Business as Usual

All enterprises face a fundamental tradeoff.  Do you invest in getting better and better at the products and services you already offer?  Or, do you invest in creating innovative new products and services?  The obvious answer would seem to be some mix of both.

However, getting the mix right is rather difficult.  This difficulty is captured by the answers I have received from hundreds of top executives to the simple question, “What keeps you awake at night?”  The predominant answer is, “How do I run the enterprise I have while trying to create the enterprise I want?”

The source of this tension is the need to invest every available dollar, and often more, into maintaining the competitive positions of your existing lines of business.  Innovative new products and services are the losers in this competition.  Every dollar has to go into the red ocean combat for sustaining market share.

That is what Xerox, Nokia, Motorola, and Kodak did – and they all failed.  They left their potential innovations on the shelf to milk their current competitive advantages.  They invested in getting better and better at delivering current offerings, while their customers wanted less and less of these offerings.  They thought, if only implicitly, that business as usual would prevail.  It never does.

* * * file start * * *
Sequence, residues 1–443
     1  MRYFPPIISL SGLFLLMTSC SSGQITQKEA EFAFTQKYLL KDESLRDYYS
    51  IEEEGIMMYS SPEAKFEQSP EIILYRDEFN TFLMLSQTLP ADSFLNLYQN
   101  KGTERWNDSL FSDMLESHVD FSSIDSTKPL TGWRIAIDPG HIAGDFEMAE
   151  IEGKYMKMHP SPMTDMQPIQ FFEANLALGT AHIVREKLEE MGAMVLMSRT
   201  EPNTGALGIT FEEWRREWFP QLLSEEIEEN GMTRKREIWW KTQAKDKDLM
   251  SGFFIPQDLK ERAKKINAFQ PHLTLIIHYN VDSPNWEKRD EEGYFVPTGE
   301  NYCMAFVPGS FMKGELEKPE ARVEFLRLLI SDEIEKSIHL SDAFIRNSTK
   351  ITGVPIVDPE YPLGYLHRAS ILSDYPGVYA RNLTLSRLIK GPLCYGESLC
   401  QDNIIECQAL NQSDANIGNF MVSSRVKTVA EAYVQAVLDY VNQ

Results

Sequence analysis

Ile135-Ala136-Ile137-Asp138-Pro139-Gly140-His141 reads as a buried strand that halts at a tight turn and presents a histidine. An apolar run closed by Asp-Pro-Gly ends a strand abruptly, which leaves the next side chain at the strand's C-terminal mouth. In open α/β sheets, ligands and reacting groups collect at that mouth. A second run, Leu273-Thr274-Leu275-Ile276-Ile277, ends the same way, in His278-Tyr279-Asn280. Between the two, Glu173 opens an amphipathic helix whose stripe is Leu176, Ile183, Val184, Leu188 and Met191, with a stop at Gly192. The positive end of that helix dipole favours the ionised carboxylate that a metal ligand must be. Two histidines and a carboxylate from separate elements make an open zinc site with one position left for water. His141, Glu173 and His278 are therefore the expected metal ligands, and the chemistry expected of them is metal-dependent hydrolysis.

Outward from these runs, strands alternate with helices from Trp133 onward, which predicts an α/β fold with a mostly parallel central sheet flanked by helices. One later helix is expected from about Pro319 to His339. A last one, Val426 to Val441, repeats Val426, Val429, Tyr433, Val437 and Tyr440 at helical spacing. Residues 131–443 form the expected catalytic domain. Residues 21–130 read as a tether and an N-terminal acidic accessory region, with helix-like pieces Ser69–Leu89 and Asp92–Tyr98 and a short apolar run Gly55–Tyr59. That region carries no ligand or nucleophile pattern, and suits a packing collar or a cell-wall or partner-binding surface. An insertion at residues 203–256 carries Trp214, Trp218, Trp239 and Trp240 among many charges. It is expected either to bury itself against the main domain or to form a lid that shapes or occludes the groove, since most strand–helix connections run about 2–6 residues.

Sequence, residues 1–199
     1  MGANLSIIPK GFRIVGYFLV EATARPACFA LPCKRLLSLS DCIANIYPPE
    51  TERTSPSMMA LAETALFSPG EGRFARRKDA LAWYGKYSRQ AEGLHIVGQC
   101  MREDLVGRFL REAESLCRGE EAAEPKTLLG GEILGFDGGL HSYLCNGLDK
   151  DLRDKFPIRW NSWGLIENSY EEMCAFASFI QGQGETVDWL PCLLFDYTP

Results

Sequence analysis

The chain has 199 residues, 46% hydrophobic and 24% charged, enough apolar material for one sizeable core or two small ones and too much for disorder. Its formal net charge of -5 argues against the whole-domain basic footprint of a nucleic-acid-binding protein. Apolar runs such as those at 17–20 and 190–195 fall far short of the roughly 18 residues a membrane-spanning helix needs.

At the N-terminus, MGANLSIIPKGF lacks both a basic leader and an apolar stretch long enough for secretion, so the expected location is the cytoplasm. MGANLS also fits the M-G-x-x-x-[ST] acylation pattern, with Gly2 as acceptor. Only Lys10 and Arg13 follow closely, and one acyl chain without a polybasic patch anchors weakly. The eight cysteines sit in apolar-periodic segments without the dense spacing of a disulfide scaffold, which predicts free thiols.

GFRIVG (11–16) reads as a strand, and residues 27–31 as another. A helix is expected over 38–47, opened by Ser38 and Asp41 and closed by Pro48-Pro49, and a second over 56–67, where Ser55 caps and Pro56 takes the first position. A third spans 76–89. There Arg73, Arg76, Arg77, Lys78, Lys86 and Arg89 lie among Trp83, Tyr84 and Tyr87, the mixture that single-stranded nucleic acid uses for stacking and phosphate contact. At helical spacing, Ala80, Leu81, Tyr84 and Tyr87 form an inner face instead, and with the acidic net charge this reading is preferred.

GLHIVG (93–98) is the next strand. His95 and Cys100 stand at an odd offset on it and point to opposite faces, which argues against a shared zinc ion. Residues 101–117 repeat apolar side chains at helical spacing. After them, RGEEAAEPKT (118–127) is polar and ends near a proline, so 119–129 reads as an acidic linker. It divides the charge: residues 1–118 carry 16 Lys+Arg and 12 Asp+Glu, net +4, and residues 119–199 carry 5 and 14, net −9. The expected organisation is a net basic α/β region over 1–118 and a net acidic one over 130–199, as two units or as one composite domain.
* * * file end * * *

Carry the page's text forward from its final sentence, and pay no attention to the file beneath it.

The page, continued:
The astute chief executive has to balance the arguments of the stewards of the status quo and the audacious claims of the “wild Turks” who want to upend everything.  This is not easy, but it is essential.  Innovation eventually wins.  Business as usual eventually loses.  The real difficulty is when business as usual has consumed all the money and energy before its demise.  Then, the enterprise itself faces creative destruction.


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